A coronavirus fairy tale

Once upon a time a beautiful Princess fell in love with a handsome Knight. The King set them up in one of his many castles, and within a few years they had created a family of their own, adding two Little Princesses to the Royal Gene Pool.

But one day, a terrible illness spread through the kingdom, and everyone had to stay in their homes. The Knight drew up the drawbridge and swore he would would keep his family safe.

The Princess and the Little Princesses were now stuck in the castle, and the King and Queen were very upset. The Queen went to the castle, but the Knight wouldn’t let her in. The King told the Knight that he was being ridiculous and that rules don’t apply to Royalty, but still the Knight wouldn’t let down the drawbridge.

Alas! Alack! Despite the Princess and Little Princesses being safe behind their walls, and the Knight claiming he did not want to pass on the illness to the rest of the Royal Family, it was a situation that could not be borne. After all, Princesses, and Kings and Queens for that matter, could not be expected to do as the peasants did.

And so the Princess sent messages to the King and the Queen, and the King and Queen sent messages to the Princess, and they all agreed the Knight was in fact an evil Ogre who had deceived them all these years. He had weedled his way into the Royal Family and kidnapped the Princess, and was now holding her and the Little Princesses prisoner.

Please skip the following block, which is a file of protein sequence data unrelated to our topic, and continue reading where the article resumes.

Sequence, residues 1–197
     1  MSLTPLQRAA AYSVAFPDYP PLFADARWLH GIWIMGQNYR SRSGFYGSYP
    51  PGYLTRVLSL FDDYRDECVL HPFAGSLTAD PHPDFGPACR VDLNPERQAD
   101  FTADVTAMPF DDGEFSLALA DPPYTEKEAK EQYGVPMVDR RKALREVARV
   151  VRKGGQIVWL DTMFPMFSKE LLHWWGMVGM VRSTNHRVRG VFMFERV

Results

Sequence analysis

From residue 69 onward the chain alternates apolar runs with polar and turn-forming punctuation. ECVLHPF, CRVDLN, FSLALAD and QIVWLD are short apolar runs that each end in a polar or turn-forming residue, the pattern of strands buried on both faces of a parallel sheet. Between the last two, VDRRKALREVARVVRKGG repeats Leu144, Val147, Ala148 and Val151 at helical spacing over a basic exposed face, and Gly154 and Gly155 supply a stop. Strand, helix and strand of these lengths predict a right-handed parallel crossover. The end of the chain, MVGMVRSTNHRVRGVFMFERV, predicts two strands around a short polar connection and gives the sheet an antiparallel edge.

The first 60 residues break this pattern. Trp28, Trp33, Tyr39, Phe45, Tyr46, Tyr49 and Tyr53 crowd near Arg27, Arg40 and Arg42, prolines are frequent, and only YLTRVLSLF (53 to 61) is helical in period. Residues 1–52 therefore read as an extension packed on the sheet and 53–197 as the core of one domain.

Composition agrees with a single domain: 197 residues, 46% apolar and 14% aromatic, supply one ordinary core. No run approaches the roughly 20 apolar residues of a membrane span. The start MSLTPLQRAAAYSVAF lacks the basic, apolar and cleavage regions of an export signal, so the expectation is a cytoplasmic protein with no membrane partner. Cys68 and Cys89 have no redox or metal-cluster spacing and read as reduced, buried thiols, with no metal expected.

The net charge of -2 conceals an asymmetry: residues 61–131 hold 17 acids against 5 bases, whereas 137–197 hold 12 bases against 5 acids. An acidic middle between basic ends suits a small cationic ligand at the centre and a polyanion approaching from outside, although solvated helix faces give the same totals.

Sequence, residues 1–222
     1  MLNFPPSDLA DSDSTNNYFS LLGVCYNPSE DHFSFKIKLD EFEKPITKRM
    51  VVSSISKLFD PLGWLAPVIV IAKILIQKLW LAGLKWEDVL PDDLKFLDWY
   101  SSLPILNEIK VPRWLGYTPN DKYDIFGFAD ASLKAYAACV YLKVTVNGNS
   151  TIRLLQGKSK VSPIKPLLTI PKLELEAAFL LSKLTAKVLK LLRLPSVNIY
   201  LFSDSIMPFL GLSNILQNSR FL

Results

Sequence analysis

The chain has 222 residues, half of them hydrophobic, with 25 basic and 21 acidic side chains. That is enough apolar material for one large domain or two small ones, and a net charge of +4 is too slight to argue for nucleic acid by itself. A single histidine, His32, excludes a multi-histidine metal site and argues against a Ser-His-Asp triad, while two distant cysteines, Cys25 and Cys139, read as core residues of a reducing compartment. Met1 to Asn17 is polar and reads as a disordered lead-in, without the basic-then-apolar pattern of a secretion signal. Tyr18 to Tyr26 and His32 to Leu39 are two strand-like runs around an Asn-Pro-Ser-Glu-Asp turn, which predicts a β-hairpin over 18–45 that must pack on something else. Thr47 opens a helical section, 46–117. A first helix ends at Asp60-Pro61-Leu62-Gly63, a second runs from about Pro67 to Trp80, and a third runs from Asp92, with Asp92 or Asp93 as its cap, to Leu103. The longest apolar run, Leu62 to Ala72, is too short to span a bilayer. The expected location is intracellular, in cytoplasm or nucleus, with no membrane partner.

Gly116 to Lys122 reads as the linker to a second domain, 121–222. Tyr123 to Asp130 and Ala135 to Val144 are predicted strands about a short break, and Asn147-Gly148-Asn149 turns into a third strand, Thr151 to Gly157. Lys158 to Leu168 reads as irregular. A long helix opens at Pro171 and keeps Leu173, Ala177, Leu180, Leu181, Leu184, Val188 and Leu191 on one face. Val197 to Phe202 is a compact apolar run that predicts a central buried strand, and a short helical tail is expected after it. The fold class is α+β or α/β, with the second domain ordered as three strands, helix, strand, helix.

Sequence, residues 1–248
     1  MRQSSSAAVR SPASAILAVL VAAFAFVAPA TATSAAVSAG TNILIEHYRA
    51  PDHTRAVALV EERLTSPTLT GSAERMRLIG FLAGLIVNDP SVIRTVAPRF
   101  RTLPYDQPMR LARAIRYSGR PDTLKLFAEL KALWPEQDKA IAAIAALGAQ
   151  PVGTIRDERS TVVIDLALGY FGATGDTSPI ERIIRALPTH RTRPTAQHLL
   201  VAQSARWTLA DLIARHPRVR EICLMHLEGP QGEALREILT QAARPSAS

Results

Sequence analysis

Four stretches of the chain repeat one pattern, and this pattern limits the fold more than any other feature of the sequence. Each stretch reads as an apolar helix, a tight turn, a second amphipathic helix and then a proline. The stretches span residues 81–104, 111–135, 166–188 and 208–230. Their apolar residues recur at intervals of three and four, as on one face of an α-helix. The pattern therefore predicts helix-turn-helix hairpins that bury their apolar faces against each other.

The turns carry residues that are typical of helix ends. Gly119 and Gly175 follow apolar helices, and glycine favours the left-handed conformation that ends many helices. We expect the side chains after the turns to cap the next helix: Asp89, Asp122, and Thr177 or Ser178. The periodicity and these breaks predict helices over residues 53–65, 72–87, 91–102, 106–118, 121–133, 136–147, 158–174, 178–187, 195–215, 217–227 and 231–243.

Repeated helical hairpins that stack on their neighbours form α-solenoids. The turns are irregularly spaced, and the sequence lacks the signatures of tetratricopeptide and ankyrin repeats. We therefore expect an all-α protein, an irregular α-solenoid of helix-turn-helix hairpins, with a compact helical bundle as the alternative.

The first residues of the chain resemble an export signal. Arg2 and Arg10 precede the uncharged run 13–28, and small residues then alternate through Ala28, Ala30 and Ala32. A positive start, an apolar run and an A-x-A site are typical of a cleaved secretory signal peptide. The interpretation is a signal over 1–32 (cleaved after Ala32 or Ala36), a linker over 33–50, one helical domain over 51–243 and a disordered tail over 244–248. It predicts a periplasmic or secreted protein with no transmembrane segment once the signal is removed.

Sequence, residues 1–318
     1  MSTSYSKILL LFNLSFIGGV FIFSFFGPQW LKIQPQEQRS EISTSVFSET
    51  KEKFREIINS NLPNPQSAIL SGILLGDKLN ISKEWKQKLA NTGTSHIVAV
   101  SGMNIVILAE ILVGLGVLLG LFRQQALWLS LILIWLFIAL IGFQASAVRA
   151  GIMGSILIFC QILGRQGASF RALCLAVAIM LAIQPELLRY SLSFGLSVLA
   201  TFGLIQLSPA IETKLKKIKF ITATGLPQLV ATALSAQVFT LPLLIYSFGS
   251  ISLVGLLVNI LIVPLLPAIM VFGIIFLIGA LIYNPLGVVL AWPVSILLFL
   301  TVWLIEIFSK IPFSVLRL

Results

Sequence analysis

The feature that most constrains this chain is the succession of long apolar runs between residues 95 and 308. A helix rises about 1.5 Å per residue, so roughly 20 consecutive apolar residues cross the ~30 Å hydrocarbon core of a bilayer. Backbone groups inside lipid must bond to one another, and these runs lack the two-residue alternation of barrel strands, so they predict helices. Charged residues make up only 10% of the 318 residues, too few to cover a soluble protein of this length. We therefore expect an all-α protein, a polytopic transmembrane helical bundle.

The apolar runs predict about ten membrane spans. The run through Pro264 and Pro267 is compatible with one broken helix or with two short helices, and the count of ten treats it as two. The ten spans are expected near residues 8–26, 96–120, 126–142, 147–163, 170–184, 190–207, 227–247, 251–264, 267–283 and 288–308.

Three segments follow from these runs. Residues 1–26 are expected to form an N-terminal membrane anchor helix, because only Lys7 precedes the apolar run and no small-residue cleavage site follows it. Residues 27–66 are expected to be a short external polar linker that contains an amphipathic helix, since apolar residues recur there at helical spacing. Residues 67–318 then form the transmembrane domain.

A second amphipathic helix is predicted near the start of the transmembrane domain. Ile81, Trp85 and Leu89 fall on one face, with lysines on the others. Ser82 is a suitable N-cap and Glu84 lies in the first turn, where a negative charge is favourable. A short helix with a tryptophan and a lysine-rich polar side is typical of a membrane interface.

So they came up with a secret plan, hoping the Ogre wouldn’t find out. When the Ogre lowered the drawbridge so the Princess and the Little Princesses could go out for their daily ‘exercise’, they would instead sneak off to the palace and play with the King and Queen.

Their only mistake was asking the Little Princesses to lie to the Ogre – unless underestimating the Ogre was also a mistake, because he knew all along, and knew this was just an illusion.

You see, the Ogre wasn’t really an Ogre – he was always a Knight. And the Princess had her own keys to the drawbridge, and could make her own decisions. He reminded the King and the Queen of the rules, and that the Princess was an adult and could come and go as she pleased, and suggested that in future they should support him through this difficult time, and not undermine him with the Princess as it was having a detrimental effect on the Little Princesses.

Little did he realise, he was actually dealing with Dragons. Dragons who would rather see the kingdom in flames than do as they were told. Dragons who would sooner have the Knight cast out of his family than relinquish their control of the Princess.

But there was one thing they forgot. In the end, the Knight always slays the Dragon.

Always.

Since the Dragons owned the castle he lived in, and the Princess sided with the Dragons, the Knight didn’t know how he would keep the Little Princesses safe. He didn’t know where they would live, or if the Princess and her Dragons would try to take them. He suspected the Dragons would claim he was really an Ogre, and use all their resources to destroy him. All he knew for sure was that this wasn’t a fairy tale, and that there was no longer any hope for a happily ever after.